The British Museum's collections, £16.99
Diameter: 15.000 mm
Gift of Sir Joseph and Lady Banks
CM SS Banks 168-82
Room 46: Europe 1400-1800
Silver 'Pine Tree' shilling of Massachusetts
Massachusetts, North America
Dated AD 1652, but issued 1667-74
An early coin from North America
The early European colonies in North America were always poorly provided with currency. They lacked accessible local bullion supplies and the home countries were reluctant to ship out their own bullion and coin. As the new colonies in Virginia and New England grew, so did their need for currency. They resorted either to accessible foreign coin (mostly Spanish), or other items completely. Wheat, deer and beaver skins, and tobacco are recorded as being used as currency.
'They began now to highly prize corn as more precious than silver, and those that had some to spare began to trade one with another for small things, by the quart, pottle and peck, etc., for money they had none, and if any had, corn was preferred before it.'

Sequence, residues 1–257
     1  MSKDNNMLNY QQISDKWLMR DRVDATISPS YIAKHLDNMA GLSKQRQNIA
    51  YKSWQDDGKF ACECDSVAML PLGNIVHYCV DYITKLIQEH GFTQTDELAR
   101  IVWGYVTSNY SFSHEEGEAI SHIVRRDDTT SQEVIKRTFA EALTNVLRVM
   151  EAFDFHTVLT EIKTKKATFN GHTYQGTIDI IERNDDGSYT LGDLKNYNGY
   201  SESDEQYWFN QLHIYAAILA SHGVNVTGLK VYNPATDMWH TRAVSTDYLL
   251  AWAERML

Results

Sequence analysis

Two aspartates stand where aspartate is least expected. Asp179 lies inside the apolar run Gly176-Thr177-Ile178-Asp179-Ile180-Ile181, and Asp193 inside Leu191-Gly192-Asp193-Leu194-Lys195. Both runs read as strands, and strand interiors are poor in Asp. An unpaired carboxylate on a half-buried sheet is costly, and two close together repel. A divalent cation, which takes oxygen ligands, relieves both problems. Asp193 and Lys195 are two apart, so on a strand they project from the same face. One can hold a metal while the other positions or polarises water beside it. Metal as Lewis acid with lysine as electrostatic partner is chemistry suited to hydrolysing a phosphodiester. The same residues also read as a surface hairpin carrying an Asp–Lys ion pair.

Journal of Governor Bradford of the Plymouth Plantations (1630)
At other times the wampum money of the local Indians, musket balls (valued in 1634 at a farthing each) and imported English tokens were also used. The scarcity of money meant that merchants could not sell their goods, and the price of land and cattle fell drastically. For 30 years from 1652, in desperation, the Massachusetts colonists issued their own coins, with the design of a tree. This example has the commonest design: a pine tree, then one of New England's few viable exports.
P.L Mossman, Money of the American colonies (New York, American Numismatic Society, 1993)
J. Williams (ed.), Money: a history (London, The British Museum Press, 1997)
R. Doty, Americas money, Americas story (Iola, WI, 1998)